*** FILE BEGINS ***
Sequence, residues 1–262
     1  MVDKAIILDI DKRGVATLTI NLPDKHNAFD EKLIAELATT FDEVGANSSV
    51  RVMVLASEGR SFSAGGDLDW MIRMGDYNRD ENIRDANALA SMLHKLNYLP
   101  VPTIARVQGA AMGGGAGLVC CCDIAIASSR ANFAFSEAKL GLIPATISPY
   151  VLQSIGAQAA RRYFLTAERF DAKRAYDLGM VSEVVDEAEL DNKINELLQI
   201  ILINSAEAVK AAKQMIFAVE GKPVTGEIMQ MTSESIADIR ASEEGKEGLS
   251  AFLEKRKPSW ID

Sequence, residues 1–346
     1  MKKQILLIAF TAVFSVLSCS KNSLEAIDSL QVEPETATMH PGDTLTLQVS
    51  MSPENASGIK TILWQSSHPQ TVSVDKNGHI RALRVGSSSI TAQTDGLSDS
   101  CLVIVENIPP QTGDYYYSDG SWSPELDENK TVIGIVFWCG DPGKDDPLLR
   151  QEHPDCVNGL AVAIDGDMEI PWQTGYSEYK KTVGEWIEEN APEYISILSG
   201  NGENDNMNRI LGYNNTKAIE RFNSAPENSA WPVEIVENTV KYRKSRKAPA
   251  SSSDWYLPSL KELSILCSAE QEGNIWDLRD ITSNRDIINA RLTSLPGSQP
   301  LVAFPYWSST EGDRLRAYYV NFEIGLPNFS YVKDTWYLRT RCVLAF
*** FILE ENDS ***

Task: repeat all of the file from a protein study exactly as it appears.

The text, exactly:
Sequence, residues 1–262
     1  MVDKAIILDI DKRGVATLTI NLPDKHNAFD EKLIAELATT FDEVGANSSV
    51  RVMVLASEGR SFSAGGDLDW MIRMGDYNRD ENIRDANALA SMLHKLNYLP
   101  VPTIARVQGA AMGGGAGLVC CCDIAIASSR ANFAFSEAKL GLIPATISPY
   151  VLQSIGAQAA RRYFLTAERF DAKRAYDLGM VSEVVDEAEL DNKINELLQI
   201  ILINSAEAVK AAKQMIFAVE GKPVTGEIMQ MTSESIADIR ASEEGKEGLS
   251  AFLEKRKPSW ID

Sequence, residues 1–346
     1  MKKQILLIAF TAVFSVLSCS KNSLEAIDSL QVEPETATMH PGDTLTLQVS
    51  MSPENASGIK TILWQSSHPQ TVSVDKNGHI RALRVGSSSI TAQTDGLSDS
   101  CLVIVENIPP QTGDYYYSDG SWSPELDENK TVIGIVFWCG DPGKDDPLLR
   151  QEHPDCVNGL AVAIDGDMEI PWQTGYSEYK KTVGEWIEEN APEYISILSG
   201  NGENDNMNRI LGYNNTKAIE RFNSAPENSA WPVEIVENTV KYRKSRKAPA
   251  SSSDWYLPSL KELSILCSAE QEGNIWDLRD ITSNRDIINA RLTSLPGSQP
   301  LVAFPYWSST EGDRLRAYYV NFEIGLPNFS YVKDTWYLRT RCVLAF